Patricia Hills Collins from "The Womanist Reader"
What's in a Name? Womanism,
Black Feminism, and Beyond
"Despite her disclaimer [Walker] that womanists are "traditionally universalist," a philosophy invoked by her metaphor of the garden where room exists for all flowers to bloom equally and differently, Walker implies that black women are somehow superior to white women because of this black folk tradition. Defining womanish as the opposite of the frivolous, irresponsible, not serious, girlish, Walker simultaneously implies that black women are somehow superior to white women because of this black folk tradition....Womanist is to feminist as purple to lavender clearly seems designed to set up this type of comparison--black women are "womanist" while white women remain merely "feminist." This usage sits squarely in black nationalist traditions premised on the belief that blacks and whites cannot function as equals while inhabiting the same territory or participating in the same social institutions. Since black nationalist philosophy posits that white people as a group have a vested interest in continuing a system of white supremacy, it typically sees little use for black integration or assimilation into a system predicated on black subjugation. Black nationalist approaches also support a black moral superiority over whites because of black suffering."
"Walker's use of womanism promises black women who both operate within these black nationalist assumptions and who simultaneously see the need to address "feminist" issues within African American communities partial reconciliation of these two seemingly incompatible philosophies. Womanism offers a distance from the "enemy," in this case, whites generally and white women in particular, yet still raises the issue of gender. Due to its endorsement of racial separatism, this interpretation of womanism offers a vocabulary for addressing gender issues within African American communities without challenging the racially segregated terrain that characterizes American social institutions."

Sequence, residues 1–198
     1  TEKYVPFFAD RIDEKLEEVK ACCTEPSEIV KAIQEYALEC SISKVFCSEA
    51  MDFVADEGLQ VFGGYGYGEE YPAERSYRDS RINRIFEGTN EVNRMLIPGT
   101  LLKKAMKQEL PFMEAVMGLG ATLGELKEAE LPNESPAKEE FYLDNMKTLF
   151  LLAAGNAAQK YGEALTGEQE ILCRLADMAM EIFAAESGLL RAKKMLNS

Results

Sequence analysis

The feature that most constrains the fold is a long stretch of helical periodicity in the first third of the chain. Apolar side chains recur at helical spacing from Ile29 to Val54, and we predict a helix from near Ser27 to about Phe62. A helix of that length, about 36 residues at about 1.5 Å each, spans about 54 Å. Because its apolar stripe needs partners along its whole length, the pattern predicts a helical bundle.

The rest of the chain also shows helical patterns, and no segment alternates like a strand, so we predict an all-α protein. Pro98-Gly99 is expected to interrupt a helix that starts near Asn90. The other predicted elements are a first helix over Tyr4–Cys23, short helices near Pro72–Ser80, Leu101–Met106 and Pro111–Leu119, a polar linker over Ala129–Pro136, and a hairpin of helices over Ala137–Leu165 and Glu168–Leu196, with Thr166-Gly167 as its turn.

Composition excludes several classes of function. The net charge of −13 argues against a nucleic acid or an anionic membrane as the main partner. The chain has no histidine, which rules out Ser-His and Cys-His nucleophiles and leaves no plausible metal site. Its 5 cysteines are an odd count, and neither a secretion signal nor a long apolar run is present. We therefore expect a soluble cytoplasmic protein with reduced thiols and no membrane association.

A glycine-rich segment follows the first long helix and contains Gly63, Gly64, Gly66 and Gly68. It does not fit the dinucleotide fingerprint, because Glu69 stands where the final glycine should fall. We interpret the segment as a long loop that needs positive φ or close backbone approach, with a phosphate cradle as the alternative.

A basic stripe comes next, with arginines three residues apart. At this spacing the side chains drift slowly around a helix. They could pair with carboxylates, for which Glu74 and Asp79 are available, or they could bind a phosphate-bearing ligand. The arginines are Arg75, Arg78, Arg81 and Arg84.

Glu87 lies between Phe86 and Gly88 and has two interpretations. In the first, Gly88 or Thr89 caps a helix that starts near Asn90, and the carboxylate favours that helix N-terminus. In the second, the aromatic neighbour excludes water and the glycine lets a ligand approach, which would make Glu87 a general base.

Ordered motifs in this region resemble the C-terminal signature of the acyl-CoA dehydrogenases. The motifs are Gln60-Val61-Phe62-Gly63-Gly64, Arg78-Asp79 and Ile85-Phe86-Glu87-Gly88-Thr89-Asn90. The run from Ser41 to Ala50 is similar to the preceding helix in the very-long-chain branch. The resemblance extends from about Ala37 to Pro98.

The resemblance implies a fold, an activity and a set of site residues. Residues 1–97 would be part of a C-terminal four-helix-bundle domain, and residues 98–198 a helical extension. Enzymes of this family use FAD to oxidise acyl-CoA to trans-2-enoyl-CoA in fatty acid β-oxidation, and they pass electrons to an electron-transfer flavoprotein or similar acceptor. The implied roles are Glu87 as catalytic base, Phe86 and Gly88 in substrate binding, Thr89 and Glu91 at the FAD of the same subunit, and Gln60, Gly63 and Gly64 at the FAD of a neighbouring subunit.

"Current debates about whether black women's standpoint should be named "womanism" or "black feminism" reflect this basic challenge of accommodating diversity among black women. In her acclaimed volume of essays, In Search of Our Mother's Gardens, Alice Walker (1983) introduced four meanings of the term "womanist." According to Walker's first definition, a "womanist" was "a black feminist or feminist of color". Thus on some basic level, Walker herself uses the two terms as being virtually interchangeable...."
"Womanism appears to provide an avenue to foster stronger relationships between black women and men, another very important issue for African American women regardless of political perspective. Again, Walker's definition provides guidance where she notes that womanists are "committed to survival and wholeness of entire people, male and female." Many black women view feminism as a movement that at best, is exclusively for women and, at worst, dedicated to attacking or eliminating men. Sherley Williams takes this view when she notes that in contrast to feminism, "womanist inquiry...assumes that it can talk both effectively and productively about men." Womanism seemingly supplies a way for black women to address gender oppression without attacking black men."
Welcome to the New Black Nationalist 1st Womanism Open Forum.